On Wednesday morning I was guided on my first wild turkey hunt by wildlife biologist, professor and my African travel partner Dr. Harold Prince, and his son Dan, who's a MDNR Conservation Officer. Dan and Hal had both harvested their turkeys for the spring on Monday morning. Hal commented that the spot he was taking me to was one that he hadn't hunted for spring gobblers in a couple years and that there should be some big birds around.
Wednesday morning was rainy overcast morning. I met Hal and Dan at 4:45 am and we drove just a couple miles south of Okemos, MI (near Lansing) to a local farm that Hal has exclusive hunting rights to. Hal commented that he really liked hunting turkeys in the kind of weather we were experiencing that morning. After parking and loading-up our gear, we headed south out across an open unplowed field. We walked about 300-400 yds until we came to a tree line. We stopped for a second. Hal said that the turkeys in the area roosted throughout the woodlot and that we needed to be as quite as possible and walk in single file. We then continued south into the woodlot another couple hundred yards, crossing a small ankle-deep stream, having to climb about 10 feet up the south-side stream bank, and followed deer trails until we came to a small opening in the woods. Hal commented that he and Dan had killed a couple hens from this spot the previous fall. There were several deer trails that crossed this area.
While Hal put out 2 sets of hen and jake decoys, Dan set up a pop-up blind. The blind was set on the western edge of the opening with the back against a large tree, facing the decoys to the east. All 3 of us set up our little camp chairs in the blind and got set, Hal sat to my right and Dan to my left. The blind was open to the east facing the decoys, as well as to the north and south. I believe everything was set up and were in the blind and ready by 5:30 am.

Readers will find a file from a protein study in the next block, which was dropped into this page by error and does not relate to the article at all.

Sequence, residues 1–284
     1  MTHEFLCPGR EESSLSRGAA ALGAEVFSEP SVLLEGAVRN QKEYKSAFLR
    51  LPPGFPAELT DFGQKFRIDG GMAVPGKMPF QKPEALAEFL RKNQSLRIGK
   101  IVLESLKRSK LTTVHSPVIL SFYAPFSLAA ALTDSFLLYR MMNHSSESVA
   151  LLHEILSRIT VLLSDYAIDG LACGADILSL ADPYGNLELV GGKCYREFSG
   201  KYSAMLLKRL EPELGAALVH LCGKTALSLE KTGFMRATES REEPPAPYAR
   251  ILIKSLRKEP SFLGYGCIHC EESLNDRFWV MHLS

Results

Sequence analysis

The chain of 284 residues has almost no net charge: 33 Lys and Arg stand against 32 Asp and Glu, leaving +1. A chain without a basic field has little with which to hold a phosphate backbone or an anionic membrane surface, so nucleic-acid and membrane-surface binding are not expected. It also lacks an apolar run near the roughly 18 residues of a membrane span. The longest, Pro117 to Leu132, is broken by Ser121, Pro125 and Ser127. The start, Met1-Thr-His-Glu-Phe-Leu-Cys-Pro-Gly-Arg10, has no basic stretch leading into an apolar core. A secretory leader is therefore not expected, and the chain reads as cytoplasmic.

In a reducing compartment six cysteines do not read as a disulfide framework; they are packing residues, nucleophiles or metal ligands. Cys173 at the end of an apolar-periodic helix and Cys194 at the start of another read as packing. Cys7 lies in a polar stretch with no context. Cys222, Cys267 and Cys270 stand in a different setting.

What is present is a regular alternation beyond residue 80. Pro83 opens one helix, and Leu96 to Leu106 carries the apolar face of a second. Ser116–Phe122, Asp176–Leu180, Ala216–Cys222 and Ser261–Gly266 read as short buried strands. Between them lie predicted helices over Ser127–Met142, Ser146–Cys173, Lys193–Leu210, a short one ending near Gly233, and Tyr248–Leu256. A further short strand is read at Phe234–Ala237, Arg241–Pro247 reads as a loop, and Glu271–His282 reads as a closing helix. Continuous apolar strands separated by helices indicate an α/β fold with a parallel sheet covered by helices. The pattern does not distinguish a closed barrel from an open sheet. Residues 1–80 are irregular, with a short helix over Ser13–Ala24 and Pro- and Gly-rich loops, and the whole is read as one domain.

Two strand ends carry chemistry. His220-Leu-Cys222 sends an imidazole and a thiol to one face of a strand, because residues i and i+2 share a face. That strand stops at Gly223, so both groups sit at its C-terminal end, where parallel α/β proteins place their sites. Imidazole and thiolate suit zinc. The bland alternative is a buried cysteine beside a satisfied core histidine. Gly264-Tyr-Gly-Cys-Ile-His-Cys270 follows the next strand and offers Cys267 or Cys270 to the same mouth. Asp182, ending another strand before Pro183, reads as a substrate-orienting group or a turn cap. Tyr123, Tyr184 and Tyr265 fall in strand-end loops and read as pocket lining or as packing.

Because of the rainy overcast morning, the morning light was very slow coming up. The rain was fairly steady and made a lot of noise on the blind. At about 6:15 Dan started puttin' and purrin' on a slate call. The air was moist enough that it made using the slate call difficult, and he switched to a push-button box call after a while. At times Hal and Dan, called in tandem with their push-button box calls. I was eagerly waiting for a Tom to start gobbling from the roost, but we heard nothing. Every ten minutes or so Dan or Hal and Dan would call, but we heard nothing but the rain hitting the blind. Unfortunately, with no activity my need for sleep kicked in and I nodded off a couple times.
7:00 am came and the only thing we'd heard were a few robins. By this time on Monday, Hal and Dan had both harvested their double and were on their way home. Dan was getting a bit ancy. We checked around the blind and saw nothing, so Dan stepped out drained his bladder and Hal and I stretched. Dan adjusted the decoys and we got back in the blind. Hal said that we were going to give it another hour or so. The weather was really crappy and we were all starting to loose hope.
Again, Hal and Dan continued to call every 10 minutes or so. Hal had unzipped the blind flap to our backs just a bit and kept checking the area behind us. I tried to sit there quietly and scan from left to right. 7:30 am came and went. We continued our routine of calling and scanning. And we still had not heard a putt, pir, gobble, nothing!